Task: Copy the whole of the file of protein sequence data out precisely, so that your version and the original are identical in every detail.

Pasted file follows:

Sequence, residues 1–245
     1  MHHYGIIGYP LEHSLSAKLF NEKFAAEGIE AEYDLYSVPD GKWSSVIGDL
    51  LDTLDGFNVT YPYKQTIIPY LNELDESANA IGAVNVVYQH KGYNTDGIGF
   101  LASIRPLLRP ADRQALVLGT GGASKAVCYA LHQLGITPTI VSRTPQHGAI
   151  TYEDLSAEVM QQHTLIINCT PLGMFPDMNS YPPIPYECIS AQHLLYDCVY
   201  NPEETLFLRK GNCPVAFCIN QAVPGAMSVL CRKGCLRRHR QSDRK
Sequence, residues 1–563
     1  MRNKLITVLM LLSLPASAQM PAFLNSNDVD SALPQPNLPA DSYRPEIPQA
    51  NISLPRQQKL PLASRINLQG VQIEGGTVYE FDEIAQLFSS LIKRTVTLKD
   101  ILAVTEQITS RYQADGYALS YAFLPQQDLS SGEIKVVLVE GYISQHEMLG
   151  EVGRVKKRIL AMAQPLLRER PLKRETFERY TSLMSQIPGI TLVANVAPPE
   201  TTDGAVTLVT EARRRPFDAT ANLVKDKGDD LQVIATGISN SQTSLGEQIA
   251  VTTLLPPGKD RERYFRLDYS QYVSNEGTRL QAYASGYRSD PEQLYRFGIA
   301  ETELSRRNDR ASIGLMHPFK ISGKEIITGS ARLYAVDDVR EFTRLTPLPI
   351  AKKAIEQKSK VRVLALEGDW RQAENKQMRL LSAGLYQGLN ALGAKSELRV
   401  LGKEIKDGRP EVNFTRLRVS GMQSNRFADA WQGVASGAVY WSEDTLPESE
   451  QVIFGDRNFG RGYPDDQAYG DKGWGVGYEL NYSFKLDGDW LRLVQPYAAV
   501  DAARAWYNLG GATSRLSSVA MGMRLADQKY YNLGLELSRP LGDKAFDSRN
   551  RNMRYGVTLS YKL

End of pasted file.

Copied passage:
Sequence, residues 1–245
     1  MHHYGIIGYP LEHSLSAKLF NEKFAAEGIE AEYDLYSVPD GKWSSVIGDL
    51  LDTLDGFNVT YPYKQTIIPY LNELDESANA IGAVNVVYQH KGYNTDGIGF
   101  LASIRPLLRP ADRQALVLGT GGASKAVCYA LHQLGITPTI VSRTPQHGAI
   151  TYEDLSAEVM QQHTLIINCT PLGMFPDMNS YPPIPYECIS AQHLLYDCVY
   201  NPEETLFLRK GNCPVAFCIN QAVPGAMSVL CRKGCLRRHR QSDRK
Sequence, residues 1–563
     1  MRNKLITVLM LLSLPASAQM PAFLNSNDVD SALPQPNLPA DSYRPEIPQA
    51  NISLPRQQKL PLASRINLQG VQIEGGTVYE FDEIAQLFSS LIKRTVTLKD
   101  ILAVTEQITS RYQADGYALS YAFLPQQDLS SGEIKVVLVE GYISQHEMLG
   151  EVGRVKKRIL AMAQPLLRER PLKRETFERY TSLMSQIPGI TLVANVAPPE
   201  TTDGAVTLVT EARRRPFDAT ANLVKDKGDD LQVIATGISN SQTSLGEQIA
   251  VTTLLPPGKD RERYFRLDYS QYVSNEGTRL QAYASGYRSD PEQLYRFGIA
   301  ETELSRRNDR ASIGLMHPFK ISGKEIITGS ARLYAVDDVR EFTRLTPLPI
   351  AKKAIEQKSK VRVLALEGDW RQAENKQMRL LSAGLYQGLN ALGAKSELRV
   401  LGKEIKDGRP EVNFTRLRVS GMQSNRFADA WQGVASGAVY WSEDTLPESE
   451  QVIFGDRNFG RGYPDDQAYG DKGWGVGYEL NYSFKLDGDW LRLVQPYAAV
   501  DAARAWYNLG GATSRLSSVA MGMRLADQKY YNLGLELSRP LGDKAFDSRN
   551  RNMRYGVTLS YKL